Arctic Freeze

Dev knows his dad wanted him to spend his summer at science camp. His dad’s disappointment hampers Dev’s enjoyment of competing in The Wild Life. But on the third leg of the competition, Dev can’t let his team down. The red team must work together as they race through Alaska’s wilderness. Both the animals and nature are dangerous and the red team needs to focus if they are going to win. After all, they are now in second place!

Artic Freeze uses the same format as the first two books in the series. While the story is fast-paced, the plot and characters are underdeveloped. Dev and his team easily find the required artic animals; however, much of the action takes place from an airplane. In addition, the red team is able to solve the clues and get pictures of the animals without much effort. Even though the story lacks suspense, readers will learn interesting animal facts.

The story focuses on Dev’s conflict with his father, who wanted Dev to spend his summer at science camp. During the race, Dev wants to hide the fact that he’s knowledgeable about science. “His whole goal for the summer—his goal for the race—was to be normal, to be someone other than the nerdy science kid.” This conflict doesn’t add much to the story, especially because his teammates are all exceptionally smart in different areas.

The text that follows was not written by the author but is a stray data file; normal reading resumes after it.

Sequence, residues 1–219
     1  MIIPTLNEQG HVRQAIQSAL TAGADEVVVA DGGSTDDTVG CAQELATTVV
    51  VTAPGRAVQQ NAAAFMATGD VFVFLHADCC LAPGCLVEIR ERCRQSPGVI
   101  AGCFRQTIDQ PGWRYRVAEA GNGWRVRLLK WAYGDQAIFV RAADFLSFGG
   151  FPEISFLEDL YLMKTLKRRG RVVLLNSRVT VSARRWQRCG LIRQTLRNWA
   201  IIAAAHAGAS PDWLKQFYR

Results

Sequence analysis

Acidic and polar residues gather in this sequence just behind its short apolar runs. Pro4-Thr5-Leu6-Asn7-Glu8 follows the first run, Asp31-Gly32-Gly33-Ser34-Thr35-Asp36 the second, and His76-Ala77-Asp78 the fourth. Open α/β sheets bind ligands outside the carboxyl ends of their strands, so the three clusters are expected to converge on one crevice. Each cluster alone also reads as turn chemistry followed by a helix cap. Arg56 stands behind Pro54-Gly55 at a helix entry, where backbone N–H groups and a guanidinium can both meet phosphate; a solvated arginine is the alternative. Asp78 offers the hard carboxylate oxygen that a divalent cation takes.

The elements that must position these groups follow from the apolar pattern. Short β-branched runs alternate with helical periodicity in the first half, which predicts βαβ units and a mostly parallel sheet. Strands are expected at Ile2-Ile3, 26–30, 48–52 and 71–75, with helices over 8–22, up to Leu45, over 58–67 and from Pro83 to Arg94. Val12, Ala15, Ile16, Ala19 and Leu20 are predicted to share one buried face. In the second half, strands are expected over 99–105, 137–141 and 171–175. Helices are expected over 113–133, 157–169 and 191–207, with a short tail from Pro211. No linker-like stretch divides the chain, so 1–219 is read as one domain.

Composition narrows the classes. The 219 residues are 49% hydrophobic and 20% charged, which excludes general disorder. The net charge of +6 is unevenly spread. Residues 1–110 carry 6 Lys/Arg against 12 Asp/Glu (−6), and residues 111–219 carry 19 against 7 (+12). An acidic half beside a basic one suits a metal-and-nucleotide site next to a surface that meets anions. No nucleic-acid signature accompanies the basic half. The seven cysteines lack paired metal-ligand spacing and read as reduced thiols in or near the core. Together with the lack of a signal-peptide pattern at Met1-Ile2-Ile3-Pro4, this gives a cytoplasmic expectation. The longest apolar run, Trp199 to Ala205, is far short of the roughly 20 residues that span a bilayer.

The story begins with Dev’s dream about dogsledding and his father. As the team completes their task, Dev uses the dream to make decisions. While several of the events match his dream, in the end “no part of Dev’s dream made sense to him anymore.” Since the story spends so much time on the dream, the ending seems rushed and incomplete. While Dev doesn’t understand the significance of his dream, he does learn the value of science. The team’s adult supervisor tells Dev, “Races prompt hasty decisions. That’s their nature. But the quick thinking you did here was far more essential. You have an engineer’s mind and it saved this dog.”

The Race the Wild Series would interest younger readers who are interested in animals. However, readers may struggle with the advanced vocabulary. More advanced readers will realize that many of the events are unrealistic, such as when the team dogsleds a glacier even though they had no previous experiences. Unfortunately, the third installment in the Race the Wild Series is disappointing. Despite this, Arctic Freeze teaches about animals and highlights the importance of respecting and protecting the wild world.

Sexual Content

  • None


  • A sled dog falls into a crack in the glacier. “Just ahead of the sled, the ground had opened up. Dev crawled on hands and knees to look over the edge of the ice. There, dangling from his harness, was the gray and white husky. When the dog saw him, he whimpered.” Dev is able to save the husky.
  • Dev read a book about “early science expeditions in the Arctic and Antarctic. When the dogs had been sick or injured, the explorers had to shoot them.”

 Drugs and Alcohol

  • None


  • None


  • None

Spiritual Content

  • None

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